Those in Rags, Those in Riches

Having spent my formative years in a small town of 16,000 neighbors in Carlisle, Pennsylvania, I still awaken every morning surprised and delighted that I live in a gigantic metropolis of 8 million city-mates. Just yesterday, I spoke with people from Tibet, Jamaica, the Deep South and Hungary, all of them representing a global slice of good cheer.

In my 17 years of Gotham living, I have taught and mentored teachers in a preschool, 13 public schools and a private school with tuition now topping $45,000 per year. My students have been in every grade but first and twelfth, including toddler classes and adults.

I have taught those in rags and those in riches.

This broad experience informs my continuing education and shapes my ideas about my sole aim, to make New York City schools the best in the world. As one of the greatest cities, New York City should also be the birthplace of the world’s greatest school system.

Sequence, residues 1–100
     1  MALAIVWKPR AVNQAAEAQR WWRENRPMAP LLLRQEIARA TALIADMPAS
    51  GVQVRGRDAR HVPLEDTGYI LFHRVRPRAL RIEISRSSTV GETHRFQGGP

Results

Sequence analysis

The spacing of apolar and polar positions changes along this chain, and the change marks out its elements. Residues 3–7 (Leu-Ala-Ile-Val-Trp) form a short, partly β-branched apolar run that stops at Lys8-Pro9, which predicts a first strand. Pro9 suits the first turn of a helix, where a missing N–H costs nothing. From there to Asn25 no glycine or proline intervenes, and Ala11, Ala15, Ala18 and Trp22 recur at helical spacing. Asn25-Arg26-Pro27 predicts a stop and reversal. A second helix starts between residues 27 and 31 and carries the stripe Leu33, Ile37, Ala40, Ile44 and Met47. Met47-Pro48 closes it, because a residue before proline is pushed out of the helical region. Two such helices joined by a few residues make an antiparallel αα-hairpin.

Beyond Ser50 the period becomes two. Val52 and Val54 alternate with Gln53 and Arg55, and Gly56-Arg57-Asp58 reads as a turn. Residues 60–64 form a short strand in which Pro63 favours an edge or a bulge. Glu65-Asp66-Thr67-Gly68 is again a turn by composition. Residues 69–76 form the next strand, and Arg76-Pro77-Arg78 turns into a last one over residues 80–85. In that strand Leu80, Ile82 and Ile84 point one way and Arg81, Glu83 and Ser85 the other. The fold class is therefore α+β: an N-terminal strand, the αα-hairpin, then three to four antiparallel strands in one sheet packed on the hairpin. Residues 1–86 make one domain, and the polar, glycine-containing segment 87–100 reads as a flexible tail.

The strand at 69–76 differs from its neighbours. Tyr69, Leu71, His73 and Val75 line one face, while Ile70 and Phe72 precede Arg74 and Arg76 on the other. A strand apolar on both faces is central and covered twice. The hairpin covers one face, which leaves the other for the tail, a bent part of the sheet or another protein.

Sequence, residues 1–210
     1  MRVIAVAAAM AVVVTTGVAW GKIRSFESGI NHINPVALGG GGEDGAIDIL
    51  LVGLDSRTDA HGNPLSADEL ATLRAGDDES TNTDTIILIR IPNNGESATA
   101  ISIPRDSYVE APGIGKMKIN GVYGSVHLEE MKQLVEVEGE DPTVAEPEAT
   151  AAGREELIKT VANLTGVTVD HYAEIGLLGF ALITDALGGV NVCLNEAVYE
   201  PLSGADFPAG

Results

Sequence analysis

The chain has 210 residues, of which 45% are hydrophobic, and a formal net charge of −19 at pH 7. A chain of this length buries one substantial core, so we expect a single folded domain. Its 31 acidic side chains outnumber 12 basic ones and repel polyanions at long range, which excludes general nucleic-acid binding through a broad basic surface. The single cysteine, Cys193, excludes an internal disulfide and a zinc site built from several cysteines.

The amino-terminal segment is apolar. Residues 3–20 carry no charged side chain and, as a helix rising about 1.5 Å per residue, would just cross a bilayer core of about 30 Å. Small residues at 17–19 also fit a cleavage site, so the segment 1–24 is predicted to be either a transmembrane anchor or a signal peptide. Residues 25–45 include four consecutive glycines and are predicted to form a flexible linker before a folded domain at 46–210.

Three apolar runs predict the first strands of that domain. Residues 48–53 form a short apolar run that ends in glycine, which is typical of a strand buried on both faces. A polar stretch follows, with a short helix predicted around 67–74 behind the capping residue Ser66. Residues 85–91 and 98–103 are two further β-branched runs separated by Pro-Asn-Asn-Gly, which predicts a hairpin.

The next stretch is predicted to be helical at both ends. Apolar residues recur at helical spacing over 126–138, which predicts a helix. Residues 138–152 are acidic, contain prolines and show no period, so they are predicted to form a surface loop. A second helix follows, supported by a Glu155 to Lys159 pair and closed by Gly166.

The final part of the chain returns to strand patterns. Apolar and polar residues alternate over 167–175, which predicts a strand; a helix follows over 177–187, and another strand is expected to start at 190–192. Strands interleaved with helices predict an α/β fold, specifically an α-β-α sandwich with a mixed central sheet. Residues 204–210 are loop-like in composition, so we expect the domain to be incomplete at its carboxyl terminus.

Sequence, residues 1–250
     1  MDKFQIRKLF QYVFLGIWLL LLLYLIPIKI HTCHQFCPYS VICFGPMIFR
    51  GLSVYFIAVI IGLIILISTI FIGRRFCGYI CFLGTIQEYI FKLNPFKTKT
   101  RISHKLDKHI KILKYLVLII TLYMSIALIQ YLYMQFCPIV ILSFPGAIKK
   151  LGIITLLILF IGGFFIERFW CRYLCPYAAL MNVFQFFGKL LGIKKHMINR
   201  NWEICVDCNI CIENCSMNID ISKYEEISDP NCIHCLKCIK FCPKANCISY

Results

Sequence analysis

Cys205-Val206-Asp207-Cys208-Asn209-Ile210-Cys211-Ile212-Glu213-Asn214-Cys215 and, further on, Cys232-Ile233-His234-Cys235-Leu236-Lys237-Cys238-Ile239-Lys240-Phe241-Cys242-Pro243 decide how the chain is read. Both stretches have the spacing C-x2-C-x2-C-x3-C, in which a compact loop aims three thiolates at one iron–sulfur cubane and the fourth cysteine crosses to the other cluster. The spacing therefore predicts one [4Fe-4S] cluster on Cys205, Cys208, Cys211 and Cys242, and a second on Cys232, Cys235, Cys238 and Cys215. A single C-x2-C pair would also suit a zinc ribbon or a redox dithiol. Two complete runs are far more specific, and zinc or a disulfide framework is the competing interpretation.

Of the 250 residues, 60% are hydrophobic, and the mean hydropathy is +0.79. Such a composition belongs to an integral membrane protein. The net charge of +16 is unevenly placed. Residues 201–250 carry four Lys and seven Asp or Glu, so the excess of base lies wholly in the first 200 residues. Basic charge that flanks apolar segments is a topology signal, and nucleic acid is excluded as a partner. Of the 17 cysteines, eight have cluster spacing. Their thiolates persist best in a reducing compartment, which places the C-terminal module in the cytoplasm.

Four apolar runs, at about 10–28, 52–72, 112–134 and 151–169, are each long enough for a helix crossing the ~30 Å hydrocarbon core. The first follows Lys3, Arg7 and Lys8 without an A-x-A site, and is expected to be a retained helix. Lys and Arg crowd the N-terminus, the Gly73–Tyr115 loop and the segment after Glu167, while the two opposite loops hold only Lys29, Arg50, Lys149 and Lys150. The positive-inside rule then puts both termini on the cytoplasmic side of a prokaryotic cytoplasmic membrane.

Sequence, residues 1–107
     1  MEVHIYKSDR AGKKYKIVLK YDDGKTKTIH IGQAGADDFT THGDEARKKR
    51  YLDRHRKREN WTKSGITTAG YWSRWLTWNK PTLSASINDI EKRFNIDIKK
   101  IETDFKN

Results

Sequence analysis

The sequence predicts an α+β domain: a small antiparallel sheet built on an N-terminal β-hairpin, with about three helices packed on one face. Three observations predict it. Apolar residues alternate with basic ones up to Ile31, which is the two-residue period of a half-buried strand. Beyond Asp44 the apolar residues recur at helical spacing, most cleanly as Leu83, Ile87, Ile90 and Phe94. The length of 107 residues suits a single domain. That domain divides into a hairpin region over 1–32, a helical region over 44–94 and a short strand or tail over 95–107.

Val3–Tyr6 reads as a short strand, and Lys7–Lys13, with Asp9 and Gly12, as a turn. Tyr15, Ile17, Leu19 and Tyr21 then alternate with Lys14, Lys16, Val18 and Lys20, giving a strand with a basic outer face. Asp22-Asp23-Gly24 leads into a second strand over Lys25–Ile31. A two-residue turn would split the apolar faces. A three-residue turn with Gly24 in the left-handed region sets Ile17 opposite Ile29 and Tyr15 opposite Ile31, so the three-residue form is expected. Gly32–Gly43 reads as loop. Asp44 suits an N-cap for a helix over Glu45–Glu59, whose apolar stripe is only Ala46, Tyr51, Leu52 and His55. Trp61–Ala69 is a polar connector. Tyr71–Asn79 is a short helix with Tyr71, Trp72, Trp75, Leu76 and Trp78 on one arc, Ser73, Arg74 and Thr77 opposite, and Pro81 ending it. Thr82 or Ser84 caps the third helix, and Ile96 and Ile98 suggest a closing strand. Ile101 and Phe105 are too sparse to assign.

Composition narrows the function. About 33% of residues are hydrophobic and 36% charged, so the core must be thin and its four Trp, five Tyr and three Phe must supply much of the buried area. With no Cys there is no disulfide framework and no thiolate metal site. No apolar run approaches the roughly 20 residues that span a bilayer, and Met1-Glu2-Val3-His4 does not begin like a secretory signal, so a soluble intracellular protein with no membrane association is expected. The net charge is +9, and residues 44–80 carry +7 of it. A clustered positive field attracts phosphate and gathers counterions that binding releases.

At the moment, we are not even close to achieving this goal. I work in one school where only 8% of the students pass the New York State exams in English and math. A UCLA report stated that New York City is the most segregated school system in the nation.

In response to this bleak reality, I am actively initiating conversations with teachers, principals, students, parents and others in the educational community to catapult New York City schools into a realm of active, stimulating, culturally relevant and enriching spaces for students to become adult leaders.

Along the way, I will be blogging about what I am learning.  I welcome your thoughts.